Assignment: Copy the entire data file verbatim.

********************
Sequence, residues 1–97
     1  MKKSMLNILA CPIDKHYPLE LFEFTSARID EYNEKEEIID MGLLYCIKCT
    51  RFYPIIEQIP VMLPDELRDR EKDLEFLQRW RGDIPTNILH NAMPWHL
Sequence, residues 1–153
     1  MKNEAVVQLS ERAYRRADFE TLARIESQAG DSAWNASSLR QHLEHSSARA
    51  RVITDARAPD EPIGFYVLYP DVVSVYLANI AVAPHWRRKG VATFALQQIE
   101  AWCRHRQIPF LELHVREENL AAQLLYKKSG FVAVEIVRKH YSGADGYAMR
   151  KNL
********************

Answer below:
Sequence, residues 1–97
     1  MKKSMLNILA CPIDKHYPLE LFEFTSARID EYNEKEEIID MGLLYCIKCT
    51  RFYPIIEQIP VMLPDELRDR EKDLEFLQRW RGDIPTNILH NAMPWHL
Sequence, residues 1–153
     1  MKNEAVVQLS ERAYRRADFE TLARIESQAG DSAWNASSLR QHLEHSSARA
    51  RVITDARAPD EPIGFYVLYP DVVSVYLANI AVAPHWRRKG VATFALQQIE
   101  AWCRHRQIPF LELHVREENL AAQLLYKKSG FVAVEIVRKH YSGADGYAMR
   151  KNL